Researchers at the University of Colorado Denver (CO, USA) and elsewhere are matching drugs to a long overlooked oncogene termed TRK, as discussed in a recent article published in Cancer Discovery.
The use of high-throughput, next-generation sequencing techniques in multiple tumor types has identified NTRK1, NTRK2 and NTRK3 gene rearrangements that encode novel oncogenic fusions in many different tumor types. These recent developments have led researchers to revisit the TRK family of genes, which was first identified in 1982. This means that targeted treatment options can be offered for cancers that harbor these abnormalities.
“We didn’t initially discover the gene. But now technology lets us find the gene in actual patient samples and drugs are available to target these gene rearrangements, making it possible to treat TRK cancers in clinical trials in ways we only dreamed of 32 years ago,” commented Robert C Doebele, investigator at the University of Colorado Cancer Center.
The TRK family of genes are involved in the developing nervous system and are essential for the growth and survival of new neurons in the womb. Following birth, these genes are no longer needed and so become dormant. However, when improperly fused with other nearby genes, the TRK family of genes can cause cells to grow and become immortal, which can lead to cancer in adult tissues.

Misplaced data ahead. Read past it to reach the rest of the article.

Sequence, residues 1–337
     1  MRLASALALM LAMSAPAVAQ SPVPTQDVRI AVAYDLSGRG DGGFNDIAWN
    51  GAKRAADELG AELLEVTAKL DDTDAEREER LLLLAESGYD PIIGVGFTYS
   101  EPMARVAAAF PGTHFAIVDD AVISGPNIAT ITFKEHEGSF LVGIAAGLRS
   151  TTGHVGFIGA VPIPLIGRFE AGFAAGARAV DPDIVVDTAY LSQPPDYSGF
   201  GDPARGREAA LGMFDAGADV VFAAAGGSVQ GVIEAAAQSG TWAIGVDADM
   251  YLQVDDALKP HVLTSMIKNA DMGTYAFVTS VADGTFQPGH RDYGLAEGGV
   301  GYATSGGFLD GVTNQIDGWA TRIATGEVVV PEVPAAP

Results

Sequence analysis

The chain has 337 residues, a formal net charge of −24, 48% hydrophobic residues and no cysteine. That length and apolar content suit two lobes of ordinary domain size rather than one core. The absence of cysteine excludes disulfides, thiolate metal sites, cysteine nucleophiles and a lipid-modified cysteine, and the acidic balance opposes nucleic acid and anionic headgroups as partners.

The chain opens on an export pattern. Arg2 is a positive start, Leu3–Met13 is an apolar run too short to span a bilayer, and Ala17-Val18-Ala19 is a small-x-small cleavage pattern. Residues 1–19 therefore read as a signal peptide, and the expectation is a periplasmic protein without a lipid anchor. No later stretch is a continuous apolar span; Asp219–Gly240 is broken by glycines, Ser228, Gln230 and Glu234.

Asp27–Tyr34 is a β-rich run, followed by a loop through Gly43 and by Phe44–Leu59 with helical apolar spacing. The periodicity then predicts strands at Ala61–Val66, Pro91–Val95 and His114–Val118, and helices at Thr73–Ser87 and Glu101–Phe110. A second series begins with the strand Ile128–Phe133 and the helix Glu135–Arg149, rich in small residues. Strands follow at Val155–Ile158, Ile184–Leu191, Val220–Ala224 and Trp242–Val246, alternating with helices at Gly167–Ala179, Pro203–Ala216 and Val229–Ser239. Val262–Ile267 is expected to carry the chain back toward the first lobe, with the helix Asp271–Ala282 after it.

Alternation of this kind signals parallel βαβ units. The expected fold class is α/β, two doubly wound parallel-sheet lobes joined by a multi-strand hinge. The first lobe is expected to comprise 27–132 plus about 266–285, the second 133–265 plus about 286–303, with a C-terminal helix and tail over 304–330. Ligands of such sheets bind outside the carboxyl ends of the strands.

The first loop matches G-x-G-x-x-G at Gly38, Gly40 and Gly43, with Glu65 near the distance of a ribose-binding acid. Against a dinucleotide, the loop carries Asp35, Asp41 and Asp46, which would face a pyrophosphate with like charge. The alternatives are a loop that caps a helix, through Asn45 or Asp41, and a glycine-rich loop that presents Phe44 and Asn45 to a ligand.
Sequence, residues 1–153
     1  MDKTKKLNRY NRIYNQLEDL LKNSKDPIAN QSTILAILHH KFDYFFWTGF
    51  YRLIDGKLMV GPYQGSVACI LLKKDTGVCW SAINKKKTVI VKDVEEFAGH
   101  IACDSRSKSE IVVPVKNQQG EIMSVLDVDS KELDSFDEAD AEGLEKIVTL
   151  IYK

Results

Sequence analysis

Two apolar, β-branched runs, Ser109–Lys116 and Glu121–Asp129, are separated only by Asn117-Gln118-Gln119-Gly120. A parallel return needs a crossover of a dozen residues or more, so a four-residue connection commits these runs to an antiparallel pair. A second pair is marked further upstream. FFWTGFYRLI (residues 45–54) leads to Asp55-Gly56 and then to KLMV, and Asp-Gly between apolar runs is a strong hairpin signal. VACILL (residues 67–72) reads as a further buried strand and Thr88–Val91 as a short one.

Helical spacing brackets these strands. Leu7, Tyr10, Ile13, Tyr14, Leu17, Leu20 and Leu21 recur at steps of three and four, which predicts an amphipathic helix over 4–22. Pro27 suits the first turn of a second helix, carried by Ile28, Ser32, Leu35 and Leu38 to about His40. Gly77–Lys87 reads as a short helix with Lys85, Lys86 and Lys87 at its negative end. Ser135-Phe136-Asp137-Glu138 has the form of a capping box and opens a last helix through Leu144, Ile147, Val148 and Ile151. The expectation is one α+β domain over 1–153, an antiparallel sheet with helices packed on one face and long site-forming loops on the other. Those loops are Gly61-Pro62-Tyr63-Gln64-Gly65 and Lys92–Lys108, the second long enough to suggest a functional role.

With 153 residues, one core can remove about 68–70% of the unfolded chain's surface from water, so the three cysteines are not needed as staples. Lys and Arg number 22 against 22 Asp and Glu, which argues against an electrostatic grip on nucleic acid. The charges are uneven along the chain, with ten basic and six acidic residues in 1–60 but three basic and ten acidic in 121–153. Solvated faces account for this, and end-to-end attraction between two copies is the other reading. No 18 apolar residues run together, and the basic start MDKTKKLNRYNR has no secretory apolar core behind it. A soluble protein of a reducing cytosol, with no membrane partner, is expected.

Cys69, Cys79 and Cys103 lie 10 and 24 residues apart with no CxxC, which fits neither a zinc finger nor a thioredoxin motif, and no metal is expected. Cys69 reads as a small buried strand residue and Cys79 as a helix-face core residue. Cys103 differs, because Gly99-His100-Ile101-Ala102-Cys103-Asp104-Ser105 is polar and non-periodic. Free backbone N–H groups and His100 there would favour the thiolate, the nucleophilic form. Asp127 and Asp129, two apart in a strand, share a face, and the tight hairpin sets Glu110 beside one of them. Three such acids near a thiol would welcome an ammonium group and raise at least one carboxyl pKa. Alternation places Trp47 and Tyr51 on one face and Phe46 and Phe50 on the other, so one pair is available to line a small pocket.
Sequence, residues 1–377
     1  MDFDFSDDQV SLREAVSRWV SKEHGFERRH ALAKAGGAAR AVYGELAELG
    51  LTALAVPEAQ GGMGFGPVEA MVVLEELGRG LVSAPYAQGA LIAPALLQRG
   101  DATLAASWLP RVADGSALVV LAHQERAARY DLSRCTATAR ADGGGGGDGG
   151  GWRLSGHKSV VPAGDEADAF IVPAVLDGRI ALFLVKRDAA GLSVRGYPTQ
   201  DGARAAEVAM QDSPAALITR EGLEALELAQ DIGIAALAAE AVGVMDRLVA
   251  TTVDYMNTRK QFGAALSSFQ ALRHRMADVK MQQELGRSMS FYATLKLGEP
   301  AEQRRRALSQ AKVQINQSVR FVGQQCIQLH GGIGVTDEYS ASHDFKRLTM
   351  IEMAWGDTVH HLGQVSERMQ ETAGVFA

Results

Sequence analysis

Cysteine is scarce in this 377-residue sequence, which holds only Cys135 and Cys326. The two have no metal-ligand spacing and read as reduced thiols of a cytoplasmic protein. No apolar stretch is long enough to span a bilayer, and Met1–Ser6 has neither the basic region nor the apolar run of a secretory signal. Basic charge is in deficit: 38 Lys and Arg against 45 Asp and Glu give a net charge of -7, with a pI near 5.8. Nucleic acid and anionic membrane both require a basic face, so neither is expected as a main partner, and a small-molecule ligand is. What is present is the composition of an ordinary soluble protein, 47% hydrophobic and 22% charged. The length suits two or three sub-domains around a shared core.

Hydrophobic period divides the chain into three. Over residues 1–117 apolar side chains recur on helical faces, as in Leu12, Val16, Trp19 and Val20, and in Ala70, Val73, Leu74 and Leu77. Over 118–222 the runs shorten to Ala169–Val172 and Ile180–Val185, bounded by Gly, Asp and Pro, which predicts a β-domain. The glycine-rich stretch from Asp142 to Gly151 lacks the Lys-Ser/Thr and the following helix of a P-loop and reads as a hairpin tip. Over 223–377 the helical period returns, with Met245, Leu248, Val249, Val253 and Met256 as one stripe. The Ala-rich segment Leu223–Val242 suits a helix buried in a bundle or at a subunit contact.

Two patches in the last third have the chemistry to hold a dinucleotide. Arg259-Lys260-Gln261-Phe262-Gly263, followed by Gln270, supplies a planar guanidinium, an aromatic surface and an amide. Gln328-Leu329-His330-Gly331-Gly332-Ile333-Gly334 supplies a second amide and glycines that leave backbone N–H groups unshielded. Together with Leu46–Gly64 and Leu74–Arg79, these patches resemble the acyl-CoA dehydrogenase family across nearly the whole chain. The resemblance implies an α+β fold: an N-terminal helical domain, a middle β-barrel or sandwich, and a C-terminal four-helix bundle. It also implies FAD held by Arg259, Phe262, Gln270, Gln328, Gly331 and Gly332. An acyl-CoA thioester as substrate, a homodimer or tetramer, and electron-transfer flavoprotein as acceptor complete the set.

“What we’re finding is that while TRK fusions may not be the major cause in any single, major cancer, it’s the cause of small percentages of many cancer types,” Doebele continued. Recent research suggests that NTRK fusions are present in 3.3% of lung cancers, 1.5% of colorectal cancer, 12.3% of thyroid cancers and approximately 2% of glioblastomas and 7.1% of pediatric gliomas.
Ten years ago, TRK fusions and other similar gene rearrangements were undruggable. However, since then, tyrosine kinase inhibitors have been developed to target these types of genetic abnormalities. Examples of investigational anticancer agents that target TRK fusions are RXDX-101, TSR-011, LOXO-101 and PLX-7486.
“A lot of doctors in academia or community hospitals are ordering next-generation sequencing panels for their patients. If it turns out that patients’ tumors have TRK alterations, I want their doctors to know that there are treatment options available via clinical trials,” Doebele concluded.